3. Set up weekly preparation, planning, and catch-up time. If you fail to plan, you’re more likely to fail your plan. Our minds really dislike uncertainty, so the more you can write out, envision, and commit to preparing for success in the next week or two to come, the better. Preparation allows the mind to set anxiety and worry aside and builds your body’s confidence barometer. Studies show over and over again those who write their goals and to-dos down succeed far more than those who do not declare their aspirations on paper. Your mind believes what you tell it (and write it down), so start scribbling!

4. Calm your nerves and any defeating chatter in your head by moving your body. A growing body of research is finding that movement best breaks the cycle of mind anxiety brought on by a trigger experienced in the brain. In other words, the more you move your body in times of stress, overwhelm, panic, and discomfort caused by a sense of reactivity to something occurring in the environment or circumstance beyond what seems to be your control, the faster the icky feelings will subside. 90% of blood flow ceases to reach the frontal cortex of your brain (the space for executive functions and logical thinking. Instead, you react with emotion and impulsivity—activating the sympathetic nervous system’s stress response of either freezing, fighting, fawning (doing whatever someone else wants you to do) or fleeing. If you want to keep your body healthy, happy and well, choose to go for a walk (even a short 5-minute walk is extremely effective), deeply breathe fresh nourishing oxygen into your lungs for a minute or two, take a cold shower, do gentle yoga (or a forward fold for a few minutes), hold a muscularly difficult pose- like a plank pose or execute consecutive push-ups until the stressful thoughts subside or give/receive a long 30-second hug. Listen to calming binaural tones that calm your agitated brainwaves, jump on a trampoline or skip the length of half a block. All of these actions use action and the body to instill sustainable change and shift in the body from alarm to calm.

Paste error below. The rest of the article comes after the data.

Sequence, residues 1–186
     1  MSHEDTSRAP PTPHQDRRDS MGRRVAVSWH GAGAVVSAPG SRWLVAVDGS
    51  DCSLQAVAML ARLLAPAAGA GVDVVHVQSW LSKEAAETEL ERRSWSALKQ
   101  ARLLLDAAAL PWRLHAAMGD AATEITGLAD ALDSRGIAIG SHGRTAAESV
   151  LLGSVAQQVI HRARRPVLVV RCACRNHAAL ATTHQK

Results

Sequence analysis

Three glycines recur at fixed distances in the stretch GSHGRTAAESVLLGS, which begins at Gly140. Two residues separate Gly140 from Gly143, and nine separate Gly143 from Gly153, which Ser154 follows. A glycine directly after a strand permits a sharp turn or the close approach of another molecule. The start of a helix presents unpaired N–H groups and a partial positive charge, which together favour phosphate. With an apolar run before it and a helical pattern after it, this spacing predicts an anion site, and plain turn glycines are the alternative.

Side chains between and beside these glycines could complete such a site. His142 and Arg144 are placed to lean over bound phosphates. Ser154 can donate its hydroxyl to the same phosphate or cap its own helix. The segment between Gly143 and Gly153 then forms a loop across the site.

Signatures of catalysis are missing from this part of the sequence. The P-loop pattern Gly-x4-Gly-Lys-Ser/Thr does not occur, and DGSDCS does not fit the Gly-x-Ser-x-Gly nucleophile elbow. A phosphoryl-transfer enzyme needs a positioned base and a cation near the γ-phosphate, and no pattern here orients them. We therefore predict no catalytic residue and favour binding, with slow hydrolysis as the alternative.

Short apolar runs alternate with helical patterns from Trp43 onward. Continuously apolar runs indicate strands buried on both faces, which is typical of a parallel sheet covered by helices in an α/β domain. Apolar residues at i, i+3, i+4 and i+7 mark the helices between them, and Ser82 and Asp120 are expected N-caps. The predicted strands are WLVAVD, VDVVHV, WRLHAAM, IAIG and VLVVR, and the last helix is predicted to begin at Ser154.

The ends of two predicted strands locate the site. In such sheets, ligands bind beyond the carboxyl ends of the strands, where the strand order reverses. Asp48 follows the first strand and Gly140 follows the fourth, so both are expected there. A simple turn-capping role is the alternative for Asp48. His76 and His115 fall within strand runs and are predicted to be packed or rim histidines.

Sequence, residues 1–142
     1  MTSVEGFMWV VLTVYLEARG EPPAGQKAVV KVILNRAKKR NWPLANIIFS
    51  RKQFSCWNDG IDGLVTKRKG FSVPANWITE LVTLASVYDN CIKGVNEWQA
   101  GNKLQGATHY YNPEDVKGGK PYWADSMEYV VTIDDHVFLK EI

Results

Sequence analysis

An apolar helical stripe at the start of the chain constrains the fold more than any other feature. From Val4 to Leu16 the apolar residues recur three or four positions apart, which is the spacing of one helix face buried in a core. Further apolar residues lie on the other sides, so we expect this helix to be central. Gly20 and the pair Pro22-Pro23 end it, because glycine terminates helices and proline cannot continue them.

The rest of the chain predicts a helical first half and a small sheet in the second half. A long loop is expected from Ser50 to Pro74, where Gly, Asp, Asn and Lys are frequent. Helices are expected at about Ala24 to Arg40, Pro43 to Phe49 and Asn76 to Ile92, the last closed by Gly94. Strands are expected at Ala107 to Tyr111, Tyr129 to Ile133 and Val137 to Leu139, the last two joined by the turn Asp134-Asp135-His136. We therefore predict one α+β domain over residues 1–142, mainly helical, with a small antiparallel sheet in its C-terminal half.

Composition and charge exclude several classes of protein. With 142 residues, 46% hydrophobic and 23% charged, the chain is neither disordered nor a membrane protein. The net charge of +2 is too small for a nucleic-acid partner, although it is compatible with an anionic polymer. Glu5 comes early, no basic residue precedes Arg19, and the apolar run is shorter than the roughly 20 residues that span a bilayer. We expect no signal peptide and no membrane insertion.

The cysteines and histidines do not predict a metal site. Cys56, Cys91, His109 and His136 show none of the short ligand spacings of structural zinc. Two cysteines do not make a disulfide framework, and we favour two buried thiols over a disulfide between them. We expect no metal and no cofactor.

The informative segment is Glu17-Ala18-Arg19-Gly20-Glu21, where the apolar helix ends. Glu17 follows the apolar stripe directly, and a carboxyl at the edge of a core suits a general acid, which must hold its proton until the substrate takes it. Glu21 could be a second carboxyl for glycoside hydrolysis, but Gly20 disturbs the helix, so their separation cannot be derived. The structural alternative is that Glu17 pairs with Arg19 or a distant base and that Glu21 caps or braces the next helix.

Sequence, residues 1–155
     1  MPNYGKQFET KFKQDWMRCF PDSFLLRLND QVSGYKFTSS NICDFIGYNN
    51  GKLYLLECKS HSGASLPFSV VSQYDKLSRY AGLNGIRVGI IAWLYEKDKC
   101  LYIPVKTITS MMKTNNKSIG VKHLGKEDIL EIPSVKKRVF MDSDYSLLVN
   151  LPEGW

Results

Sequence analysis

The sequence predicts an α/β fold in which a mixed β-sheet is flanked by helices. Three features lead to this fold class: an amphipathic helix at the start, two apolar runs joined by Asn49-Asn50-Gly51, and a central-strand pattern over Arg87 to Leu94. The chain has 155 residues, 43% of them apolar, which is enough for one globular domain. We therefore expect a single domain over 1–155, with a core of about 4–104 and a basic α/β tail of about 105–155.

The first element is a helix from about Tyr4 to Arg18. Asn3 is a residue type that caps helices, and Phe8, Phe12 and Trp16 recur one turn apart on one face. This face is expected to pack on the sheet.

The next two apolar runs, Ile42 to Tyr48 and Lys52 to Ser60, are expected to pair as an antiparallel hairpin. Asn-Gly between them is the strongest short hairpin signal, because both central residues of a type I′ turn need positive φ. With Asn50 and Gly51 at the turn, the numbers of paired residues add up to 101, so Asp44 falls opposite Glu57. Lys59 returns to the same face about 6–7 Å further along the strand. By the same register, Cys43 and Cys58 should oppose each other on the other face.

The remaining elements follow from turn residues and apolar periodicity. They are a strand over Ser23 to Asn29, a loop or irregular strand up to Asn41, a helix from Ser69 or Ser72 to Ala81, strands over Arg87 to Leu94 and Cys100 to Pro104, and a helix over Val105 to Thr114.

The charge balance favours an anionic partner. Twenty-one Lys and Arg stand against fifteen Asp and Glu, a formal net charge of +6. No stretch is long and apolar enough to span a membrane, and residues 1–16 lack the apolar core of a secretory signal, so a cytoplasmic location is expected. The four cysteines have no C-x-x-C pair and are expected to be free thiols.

5. Throw a party and celebrate the fall like it’s a new year. The end of summer can be a happy time if you treat it as such. Celebrate the beginning of this new chapter by throwing a party, dinner, get-together or barbeque. This way, your children won't dread school and you’ll have a better-shifted perception from “having” to work or “having to” get up earlier, to “getting to” go to work, and “getting to” cultivate a greater sense of gratitude instead of dread.

6. Manage your caffeine intake. Caffeine must be metabolized by the body and it is done with the help of cortisol, a stress hormone. If you want to feel less anxious and frenetic during times of change and when your brain has to be at its sharpest, the best is to watch your caffeine (coffee, energy drinks, and tea) consumption. One to two cups a day is plenty. Switch to fruit-infused water or ones with essential minerals, instead.

Knowing that feeling stress is perfectly normal as a human, and oftentimes goes along with new situations, a change in routine, season or new environment. The key to optimizing immune, physical, mental, and emotional health, however, is to learn how to regulate the mind that is feeling alarmed, so it doesn’t go into overdrive and burn out (because that doesn’t look or feel good on anyone). Taking a few of these tools and implementing them will help you down-regulate an overwhelmed mind, immensely. Change is inevitable but getting sick is not. Resistance to change, over time, will most likely lead you to feel chronically helpless in the situations in and around your home/school/work life. Chronic stress doesn’t make your mind feel at ease or any more lucid. Trust that there are better ways to handle stress and change, but you’ll most likely be going to “go” through it (though avoidance is a much more attractive option sometimes).

Put a few of these tips into play to better ensure your preparedness for the changing seasons. Even if you have to move slowly to implement some of these changes, as long as you are not moving backward, trust that your physical body, mindset, brain state, and mood will mirror the work you put into enhancing your overall lifestyle.